Renewable energy sources are increasingly contributing more to the world’s energy mix as the race to achieve net zero carbon emissions by 2050 gathers pace. In the UK, for example, 2020 marked the first year that wind, solar, bioenergy and hydroelectric sources contributed more to the national energy grid than fossil fuels.[i]
While this is an undoubtedly significant achievement, renewables are not yet at a point where they can provide sufficient baseload power. In practice, this means that steam turbine power stations remain vital for stable and reliable electricity generation. At the same time, the diversifying energy mix is now forcing changes to the way power stations traditionally operate, placing additional strain on older components designed for altogether different conditions.
Adapting to High-Cycle Operation
Combined cycle power stations now run at higher frequencies. This means they need to power up and down as grid demand fluctuates, filling the supply gaps that renewables cannot meet. Higher cycling does help lower carbon emissions, as power stations only operate when needed and are not left idling when the demand for energy is lower.
The main problem is that they have not been designed to operate in this way. High cycling puts greater operational stress on both power stations and their key components, such as valves. This can lead to higher failure rates, which means more plant downtime and higher operating costs. Potentially, it also increases the number of safety issues for plant workers.
The cooling of superheated steam is one of the most critical operations performed in steam turbine power stations. The cooling is undertaken by the steam conditioning valve, which generally performs well under conventional low-cycling plant conditions. However, with power stations adapting to new demands that generate higher cycling frequencies, conditioning valves are now failing more frequently.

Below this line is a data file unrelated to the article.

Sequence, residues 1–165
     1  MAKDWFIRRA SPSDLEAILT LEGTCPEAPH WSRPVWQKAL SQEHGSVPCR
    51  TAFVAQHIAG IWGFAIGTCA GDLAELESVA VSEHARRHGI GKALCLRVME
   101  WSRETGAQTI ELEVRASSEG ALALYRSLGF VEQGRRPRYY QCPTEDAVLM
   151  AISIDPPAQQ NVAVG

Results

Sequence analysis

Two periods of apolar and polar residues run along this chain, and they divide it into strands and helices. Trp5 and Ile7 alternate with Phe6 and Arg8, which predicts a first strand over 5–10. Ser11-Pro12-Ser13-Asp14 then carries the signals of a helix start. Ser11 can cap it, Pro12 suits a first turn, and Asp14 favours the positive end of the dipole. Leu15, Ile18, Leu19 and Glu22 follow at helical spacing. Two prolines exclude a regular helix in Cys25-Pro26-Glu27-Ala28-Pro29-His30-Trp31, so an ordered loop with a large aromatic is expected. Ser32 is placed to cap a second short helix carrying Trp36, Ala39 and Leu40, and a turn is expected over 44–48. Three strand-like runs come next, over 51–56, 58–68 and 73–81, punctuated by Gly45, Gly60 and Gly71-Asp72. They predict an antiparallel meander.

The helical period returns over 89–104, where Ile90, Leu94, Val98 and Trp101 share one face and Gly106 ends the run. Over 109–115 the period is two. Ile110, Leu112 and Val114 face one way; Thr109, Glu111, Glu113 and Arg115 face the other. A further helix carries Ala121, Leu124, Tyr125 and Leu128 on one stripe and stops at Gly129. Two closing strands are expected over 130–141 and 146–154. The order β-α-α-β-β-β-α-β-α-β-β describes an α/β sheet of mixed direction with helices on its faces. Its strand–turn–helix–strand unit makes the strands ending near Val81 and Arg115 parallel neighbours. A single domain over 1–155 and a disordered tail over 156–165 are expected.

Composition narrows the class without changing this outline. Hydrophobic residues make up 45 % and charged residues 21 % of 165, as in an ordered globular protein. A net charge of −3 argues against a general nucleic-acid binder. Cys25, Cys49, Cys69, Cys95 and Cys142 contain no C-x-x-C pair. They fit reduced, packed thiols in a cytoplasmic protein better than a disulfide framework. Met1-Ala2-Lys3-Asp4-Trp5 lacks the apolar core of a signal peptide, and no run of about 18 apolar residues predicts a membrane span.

This means that there is a clear need for more robust plant components, not only to maintain the supply of electricity but also to minimise the threat of unplanned outages. Given the intermittent nature of renewable power, the availability of these facilities is now more than ever a key part of keeping decarbonisation on track.
Recognising the challenges customers face, IMI Critical Engineering developed a high-performance steam conditioning valve able to function reliably under the testing conditions of today’s combined cycle power plants. The company’s research and development team began with the existing steam conditioning VLB2 valve which they then modified to manage the greater operational stresses that characterise high cycling. Developing the initial design meant that the manufacturing and installation of the new valve – the VLB3 – was quicker, which helped avoid any unnecessary and costly downtime.
The VLB3’s uniform body thickness allows material to expand and contract at the same rate which reduces fatigue damage. The valve body also has smooth transitions that minimise thermal stresses. Meanwhile, conditioning at the outlet takes place with improved thermal separation of the steam and water flow paths, reducing problems in the critical area of injection. Collectively, these modifications significantly lower any potential failure points that may occur when a plant is cooling steam.
As Jackie Hu, Managing Director at IMI Critical Engineering points out: “It was important to us to develop a conditioning valve capable of withstanding the stresses that come with a high cycle approach. Supporting renewables is a priority for IMI Critical Engineering, and getting the VLB3 into plants quickly shows how we are able to understand plant operators’ needs and provide timely solutions that help them run more efficiently. This valve is a product of the teamwork, communication and problem solving required to bring innovation to an evolving industry like power generation.”
VLB3: Third Generation Steam Conditioning Valve
A compact turbine bypass valve with lightweight trim, optimised for high-cycle power plants such as CCPPs. Modular trim with a range of standardised components.